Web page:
High winds and dust whipped the uniforms of two Airmen as they attempted to rescue a woman trapped in the cab of her semitractor-trailer.
One of them applied his might to the piece of metal that kept the woman confined to her vehicle and the other held the door of the vehicle while trying to guide her down the steps of its cab toward safety.
The next instant, just as the woman was reaching the threshold, something came crashing into the rear end of her vehicle at high speed. The two Airmen were thrown ten feet from the vehicle by the impact and as soon as they finished a quick buddy check, they raced back to continue helping the woman in distress.
Staff Sgt. Eric Fullmer, 563rd Operations Support Squadron loadmaster, and Senior Airman Shane Hardin, 563rd OSS aerial delivery journeyman, were driving west on Interstate 8 to intercept personnel drops when they hit a wall.
“We were traveling out to Gila Bend, to our drop zone,” Hardin said. “We ended up coming up to a dust storm and losing visibility almost completely.”
The Airmen were experiencing a Haboob; an intense wall of dust and debris carried by a weather front.
Fullmer pulled the vehicle over to the shoulder of the road and decided to wait out the storm.
When the Airmen regained visibility, they saw the end of a semitractor-trailer on the roadside ahead, along with some passenger vehicles on the shoulder.
A woman from one of the passenger vehicles approached the Airmen’s car and briefed them on the situation at hand. A semitractor-trailer rear-ended the back of another.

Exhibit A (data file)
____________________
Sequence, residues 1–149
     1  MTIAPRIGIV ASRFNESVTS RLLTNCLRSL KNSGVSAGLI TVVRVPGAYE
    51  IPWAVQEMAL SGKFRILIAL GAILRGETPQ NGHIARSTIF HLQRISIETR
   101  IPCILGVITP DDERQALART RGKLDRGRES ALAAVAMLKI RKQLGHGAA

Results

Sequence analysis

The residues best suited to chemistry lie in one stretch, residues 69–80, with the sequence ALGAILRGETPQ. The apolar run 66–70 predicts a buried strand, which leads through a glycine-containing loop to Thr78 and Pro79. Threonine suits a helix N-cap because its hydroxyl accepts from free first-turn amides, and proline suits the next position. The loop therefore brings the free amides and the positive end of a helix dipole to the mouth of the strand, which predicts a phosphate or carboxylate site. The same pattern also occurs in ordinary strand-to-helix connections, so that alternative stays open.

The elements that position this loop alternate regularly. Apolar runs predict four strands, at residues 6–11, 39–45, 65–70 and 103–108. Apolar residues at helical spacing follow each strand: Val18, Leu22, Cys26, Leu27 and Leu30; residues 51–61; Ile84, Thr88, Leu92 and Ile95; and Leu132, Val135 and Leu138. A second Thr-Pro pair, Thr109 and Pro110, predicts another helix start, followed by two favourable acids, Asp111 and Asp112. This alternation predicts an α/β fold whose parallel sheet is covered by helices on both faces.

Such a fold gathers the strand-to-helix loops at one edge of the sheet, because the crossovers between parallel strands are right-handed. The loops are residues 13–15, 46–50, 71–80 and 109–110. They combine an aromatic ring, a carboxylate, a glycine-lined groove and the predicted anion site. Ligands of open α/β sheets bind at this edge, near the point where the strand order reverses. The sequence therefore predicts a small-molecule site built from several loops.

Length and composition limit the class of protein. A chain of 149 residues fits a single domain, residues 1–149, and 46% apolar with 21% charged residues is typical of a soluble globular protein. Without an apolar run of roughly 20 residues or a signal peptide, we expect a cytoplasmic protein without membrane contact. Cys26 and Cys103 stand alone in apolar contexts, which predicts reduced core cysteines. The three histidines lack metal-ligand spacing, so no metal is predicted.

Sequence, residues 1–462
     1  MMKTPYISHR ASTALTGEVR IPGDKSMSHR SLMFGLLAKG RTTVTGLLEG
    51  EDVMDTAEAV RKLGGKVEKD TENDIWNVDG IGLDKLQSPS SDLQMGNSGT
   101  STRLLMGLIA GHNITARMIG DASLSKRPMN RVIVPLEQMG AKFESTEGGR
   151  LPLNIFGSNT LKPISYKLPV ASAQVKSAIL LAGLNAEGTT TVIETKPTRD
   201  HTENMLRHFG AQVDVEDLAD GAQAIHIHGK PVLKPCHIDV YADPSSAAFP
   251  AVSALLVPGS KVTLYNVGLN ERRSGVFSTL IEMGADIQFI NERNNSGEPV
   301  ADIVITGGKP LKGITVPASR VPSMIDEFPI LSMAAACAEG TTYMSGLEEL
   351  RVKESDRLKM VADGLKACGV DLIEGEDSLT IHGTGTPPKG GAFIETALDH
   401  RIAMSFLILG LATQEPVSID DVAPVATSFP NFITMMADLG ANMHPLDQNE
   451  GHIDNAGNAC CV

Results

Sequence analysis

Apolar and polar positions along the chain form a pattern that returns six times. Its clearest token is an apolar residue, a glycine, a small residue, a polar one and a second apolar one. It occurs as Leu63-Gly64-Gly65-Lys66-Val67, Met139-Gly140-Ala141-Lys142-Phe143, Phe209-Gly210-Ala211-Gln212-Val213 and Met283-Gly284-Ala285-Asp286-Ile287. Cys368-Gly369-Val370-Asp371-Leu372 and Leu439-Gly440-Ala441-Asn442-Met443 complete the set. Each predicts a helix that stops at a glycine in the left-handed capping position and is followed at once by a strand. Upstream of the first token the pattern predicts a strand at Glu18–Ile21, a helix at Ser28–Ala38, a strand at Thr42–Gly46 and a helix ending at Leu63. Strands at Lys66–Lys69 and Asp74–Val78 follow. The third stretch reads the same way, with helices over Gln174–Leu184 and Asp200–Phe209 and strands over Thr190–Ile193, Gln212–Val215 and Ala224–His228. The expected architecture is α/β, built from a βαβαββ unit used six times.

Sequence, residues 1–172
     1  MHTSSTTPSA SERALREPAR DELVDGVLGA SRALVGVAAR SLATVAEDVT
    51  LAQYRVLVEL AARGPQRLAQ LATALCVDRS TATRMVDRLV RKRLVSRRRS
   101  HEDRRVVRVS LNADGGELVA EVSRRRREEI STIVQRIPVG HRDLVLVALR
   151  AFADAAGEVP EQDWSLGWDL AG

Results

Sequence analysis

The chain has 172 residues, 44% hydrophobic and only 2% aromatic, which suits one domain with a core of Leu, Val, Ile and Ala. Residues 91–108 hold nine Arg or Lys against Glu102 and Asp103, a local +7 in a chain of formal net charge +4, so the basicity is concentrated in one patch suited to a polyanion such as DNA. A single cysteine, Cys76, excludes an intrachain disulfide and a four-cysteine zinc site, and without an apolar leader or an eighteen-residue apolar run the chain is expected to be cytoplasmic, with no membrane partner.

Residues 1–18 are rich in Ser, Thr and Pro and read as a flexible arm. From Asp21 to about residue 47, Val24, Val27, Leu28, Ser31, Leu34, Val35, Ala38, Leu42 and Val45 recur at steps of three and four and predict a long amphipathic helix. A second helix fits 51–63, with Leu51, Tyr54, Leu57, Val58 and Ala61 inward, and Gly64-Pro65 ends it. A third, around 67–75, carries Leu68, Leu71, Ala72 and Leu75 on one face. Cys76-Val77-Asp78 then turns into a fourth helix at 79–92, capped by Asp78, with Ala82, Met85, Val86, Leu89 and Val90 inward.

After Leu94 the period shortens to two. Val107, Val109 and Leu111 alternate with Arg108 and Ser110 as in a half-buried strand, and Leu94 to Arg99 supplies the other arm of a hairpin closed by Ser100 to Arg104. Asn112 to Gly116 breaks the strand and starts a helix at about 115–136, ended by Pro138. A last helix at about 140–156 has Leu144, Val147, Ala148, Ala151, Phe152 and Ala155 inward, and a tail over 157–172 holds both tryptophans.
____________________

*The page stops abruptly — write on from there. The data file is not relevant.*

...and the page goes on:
“Myself and Sgt. Fullmer got out of the vehicle, went up to the accident and started assessing the situation to see what we could do to help,” Hardin said.
When the first responding officer arrived, the Airmen updated him on the situation. The officer set up traffic control and asked the Airmen to triage those who were injured in the pileup.
While looking over the wreckage, the Airmen noticed a woman trapped inside the cab that was lodged in the back of the first trailer.
They evaluated her injuries and then began helping her out of the cab.
“That’s when a third semi-truck, at approximately 40 mph, impacted the whole mess,” Fullmer said. “It shifted both of the first semi-trucks enough that it impacted Airman Hardin and myself and threw us about ten feet.”
After looking each other over for injuries, Fullmer and Hardin got back to the cab and found the woman pinned between the door and the side of the truck. An EMT certified officer arrived on the scene, and began assisting the Airmen. They were able to un-wedge the woman from her vehicle’s door frame so they could continue to assist the rest of the injured motorists.
They found a man with lacerations on his leg, were able to remove his shirt, then used it to wrap the wound as they had learned in military courses such as self-aid and buddy care and survival, evasion resistance and escape.
“It just clicked, an instant evaluation of where his injury was and what his mental state was as far as shock,” Fullmer said.
Fullmer continued to help the EMT officer while Hardin returned to help the woman, who was now free from the vehicle’s door frame but still stuck in the cab. More officers had arrived and they were able to pry the door open enough for Hardin to climb inside and help the woman out through an escape hatch.
By now, the heavy presence of EMT officers had control of the situation. Fullmer and Hardin took a few minutes to themselves to relax and grab a drink of water.
“I’m very happy it was Airman Hardin and myself (out there) because of our similar mentalities,” said Fullmer. “We were able to work very effectively together without really communicating to each other.”
With their unexpected task complete, they got back in their vehicle and continued west to their drop zone.